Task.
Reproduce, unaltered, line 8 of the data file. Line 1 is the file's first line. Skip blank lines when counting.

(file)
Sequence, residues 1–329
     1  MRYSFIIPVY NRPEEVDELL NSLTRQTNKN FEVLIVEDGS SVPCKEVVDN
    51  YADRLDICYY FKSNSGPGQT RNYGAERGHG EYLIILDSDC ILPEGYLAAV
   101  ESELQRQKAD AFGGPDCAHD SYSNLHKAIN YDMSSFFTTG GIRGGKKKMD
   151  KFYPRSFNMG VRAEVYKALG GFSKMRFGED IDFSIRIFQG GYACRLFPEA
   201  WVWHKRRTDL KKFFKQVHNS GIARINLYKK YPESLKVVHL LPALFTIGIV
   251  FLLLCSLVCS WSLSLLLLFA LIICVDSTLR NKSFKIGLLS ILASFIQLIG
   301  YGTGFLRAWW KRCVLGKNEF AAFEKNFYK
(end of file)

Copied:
   301  YGTGFLRAWW KRCVLGKNEF AAFEKNFYK